By Rob Roper
There is a proposal making its way through the Vermont House of Representatives to raise and expand Vermont’s bottle deposit law (H.175). The bill would double the cost of a standard bottle deposit from 5 cents to 10 cents, and it would apply the deposit to “water bottles, wine bottles and containers for all noncarbonated and carbonated drinks, except for milk, rice milk, soy milk, almond milk, hemp seed milk, and dairy products.” It would also create a 15-cent deposit requirement for liquor bottles.
Of course, this would mean the added up-front cost for a 24 case of beer or soda would increase from $1.25 to $2.50. More dauntingly, a $3.98 40-pack of 16 oz. bottled water at Walmart would require a newly added $4 deposit fee, more than doubling the upfront cost. (Water is arguably the healthiest option for a human to drink, so why would we exempt milk and related products and not water? Hmmm.)
And while it’s true the customer can redeem the beverage containers to get that money back, a lot of folks — for whatever reasons related to time, inconvenience, or forgetfulness — just don’t or can’t do it. Remembering my days as a little league coach, I would bring one of those 40-packs of water to a game or practice, and I know I would not likely see those bottles again. They go home in cars, get tossed into back packs, or are thrown away in trash cans nobody wants to dig through, etc. Practically speaking, I would just be out most if not all of that added four bucks.
A Stealth Tax
Our legislators know a big chunk of redeemable bottles never get redeemed, creating a big pile of tempting cash. In fact, in 2018 they passed legislation in which the state confiscated the money from unclaimed deposits from beverage distributors, who had been allowed to keep the money for use in meeting recycling mandates, so the politicians could spend it themselves. Thus, in practice, the bottle bill ceases to act like a fee to pay for the service it supports and becomes a general revenue stream like a tax — a stealth tax, as it were.
In 2018, this money grab represented about $2 million a year to the state. If this new increase and expansion becomes law, that number will likely rise significantly. Just a back-of-the-napkin calculation: that $2 million would double to $4 million with the hike to 10 cents and that $4 million would likely double again with the expansion to $8 million or more. (At least. I don’t know the actual data, but imagine the number of non-carbonated beverage containers. The stream is larger than for carbonated.) All of this is coming out of Vermonter’s pockets.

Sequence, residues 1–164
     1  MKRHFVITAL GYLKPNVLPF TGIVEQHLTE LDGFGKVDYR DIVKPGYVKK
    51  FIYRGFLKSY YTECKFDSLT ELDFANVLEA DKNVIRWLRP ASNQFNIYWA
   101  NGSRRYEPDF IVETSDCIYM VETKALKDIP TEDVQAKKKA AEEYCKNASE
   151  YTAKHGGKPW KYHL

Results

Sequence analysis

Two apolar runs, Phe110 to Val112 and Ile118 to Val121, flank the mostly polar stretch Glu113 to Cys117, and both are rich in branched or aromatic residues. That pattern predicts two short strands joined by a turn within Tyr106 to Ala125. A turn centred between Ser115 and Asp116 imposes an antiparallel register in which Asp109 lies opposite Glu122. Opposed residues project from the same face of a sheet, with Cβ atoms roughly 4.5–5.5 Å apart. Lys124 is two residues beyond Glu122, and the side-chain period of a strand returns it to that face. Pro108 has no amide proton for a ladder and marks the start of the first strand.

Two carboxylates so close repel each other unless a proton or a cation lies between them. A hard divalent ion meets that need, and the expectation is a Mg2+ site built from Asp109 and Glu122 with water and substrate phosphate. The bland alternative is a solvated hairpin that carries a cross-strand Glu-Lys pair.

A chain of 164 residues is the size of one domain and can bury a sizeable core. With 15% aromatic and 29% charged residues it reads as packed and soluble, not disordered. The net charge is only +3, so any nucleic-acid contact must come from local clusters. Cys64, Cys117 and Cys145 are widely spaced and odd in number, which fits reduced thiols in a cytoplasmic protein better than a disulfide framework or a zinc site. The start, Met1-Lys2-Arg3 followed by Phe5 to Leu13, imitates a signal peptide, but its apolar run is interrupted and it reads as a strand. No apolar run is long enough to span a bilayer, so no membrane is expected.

The stated reason for the bottle bill is to encourage recycling. However, a recent study by GreenPeace determined that less than 30 percent of plastic beverage containers are actually recyclable, and for that amount, the market for purchased recyclable plastic is declining to nearly non-existent. Most of it ends up in landfills anyway. As testimony from the Chittenden Solid Waste District on H.175 warned, “In summary, expansion of the bottle bill will not move the needle on keeping recyclables out of the landfill and will add cost to the current recycling system at a time when costs are higher than ever.”
Given where we are geographically, it might seem that bottle deposit laws are the norm, but that’s not the case. In fact, there are only 10 states with bottle deposit laws at all: California, Connecticut, Hawaii, Iowa, Maine, Massachusetts, Michigan, New York, Oregon, and Vermont. Delaware had one for a while but repealed it. They might be onto something.